When it comes to coal consumption for fuel, South Korea seems poised to catch up to Russia and South Africa for the number five position behind China, India, the US and Japan. Eleven new coal power plants, which will each burn millions of tons of coal per year, are scheduled to be completed by next year, increasing the country’s generation capacity by more than 33% from 26,274 megawatts at the end of 2015 to 34,998 megawatts. Even if the new power plants maintain an average rate of operation, the annual domestic coal use for the generation of power will balloon from approximately 81,558,000 tons last year to over 100 million tons.
Though the government announced on July 6 that it would shutter 10 aging coal-fired plants and that it would stop commissioning new coal-fired plants as part of measures to reduce airborne particulate matter, this hardly means that South Korea has joined the ranks of countries reducing their dependence on coal.
The government had already been planning to shut down or replace the fuel in four of the 10 plants, and the six whose shutdown was newly confirmed (No. 1 and No. 2 at Samcheonpo Coal Power Plant, No. 1 and No. 2 at Boryeong Coal Power Plant, and No. 1 and No. 2 at Honam Coal Power Plant) will not actually be shuttered until between 2020 and 2025. This means that the plants will operate for between four and nine more years, for a total operational lifespan ranging from 36 years on the low end (Samcheonpo) to 49 years on the high end (Honam).
Considering that Chungnam Seocheon Coal Power Plant (which the government already announced it would shut down in the seventh basic energy plan confirmed last year) is expected to remain in operation for 35 years altogether, the government’s announcement on July 6 looks less like a plan for an early phase-out of coal plants and more like a plan for extending their lifespan.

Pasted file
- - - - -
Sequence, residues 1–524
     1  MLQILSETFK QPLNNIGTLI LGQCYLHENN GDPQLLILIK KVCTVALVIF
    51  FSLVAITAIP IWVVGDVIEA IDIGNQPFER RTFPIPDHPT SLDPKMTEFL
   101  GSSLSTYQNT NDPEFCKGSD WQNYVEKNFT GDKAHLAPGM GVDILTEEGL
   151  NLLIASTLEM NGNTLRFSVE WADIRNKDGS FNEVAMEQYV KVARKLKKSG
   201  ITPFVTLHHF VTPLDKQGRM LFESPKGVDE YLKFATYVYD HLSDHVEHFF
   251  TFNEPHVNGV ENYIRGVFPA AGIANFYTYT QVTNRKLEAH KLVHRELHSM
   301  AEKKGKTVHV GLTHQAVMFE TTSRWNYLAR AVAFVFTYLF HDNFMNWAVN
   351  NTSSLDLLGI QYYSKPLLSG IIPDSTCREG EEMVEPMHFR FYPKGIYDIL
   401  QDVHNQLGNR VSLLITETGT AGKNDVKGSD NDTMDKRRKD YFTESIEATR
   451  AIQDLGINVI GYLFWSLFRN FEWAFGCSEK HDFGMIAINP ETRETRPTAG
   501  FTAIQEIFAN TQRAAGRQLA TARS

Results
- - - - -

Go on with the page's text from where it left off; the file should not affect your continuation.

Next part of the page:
More coal-fired power plants being constructed than shut down
Furthermore, the government refuses to budge on its plan to build nine more coal plants by 2022. The nine power plants will have an installed capacity of 8,420MW – more than double the 3,345MW installed capacity of the 10 power plants the government intends to close.
Assuming that this 5,075MW addition in coal-fired power generation capacity operates at the efficiency of the 870MW Yeongheung Coal Plant No. 6, the most advanced plant currently in operation (as of 2015, producing 7,002,528MWh of electricity per 2,787,403 tons of coal input) the amount of coal that is used for power generation will increase by more than 16 million tons a year. This means that South Korea is a long way from becoming coal-free.
South Korea is actively involved in the construction of coal-fired plants not only at home but also in other countries. South Korea’s investment in the overseas coal industry by way of export credit agencies in 2014 amounted to US$7 billion, the most of any country in the OECD aside from Japan.
This is why South Korea is under fire from both domestic and international environmental groups for selling greenhouse gases and air pollution.